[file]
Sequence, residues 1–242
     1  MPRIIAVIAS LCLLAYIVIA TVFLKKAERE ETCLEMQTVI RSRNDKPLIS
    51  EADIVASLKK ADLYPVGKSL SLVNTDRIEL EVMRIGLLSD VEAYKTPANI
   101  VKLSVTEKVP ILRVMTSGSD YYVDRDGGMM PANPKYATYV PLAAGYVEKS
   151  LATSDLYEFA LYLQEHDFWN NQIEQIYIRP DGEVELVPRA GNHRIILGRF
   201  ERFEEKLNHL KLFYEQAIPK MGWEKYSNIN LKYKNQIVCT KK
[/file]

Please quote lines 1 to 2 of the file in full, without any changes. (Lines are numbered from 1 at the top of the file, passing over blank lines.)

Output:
Sequence, residues 1–242
     1  MPRIIAVIAS LCLLAYIVIA TVFLKKAERE ETCLEMQTVI RSRNDKPLIS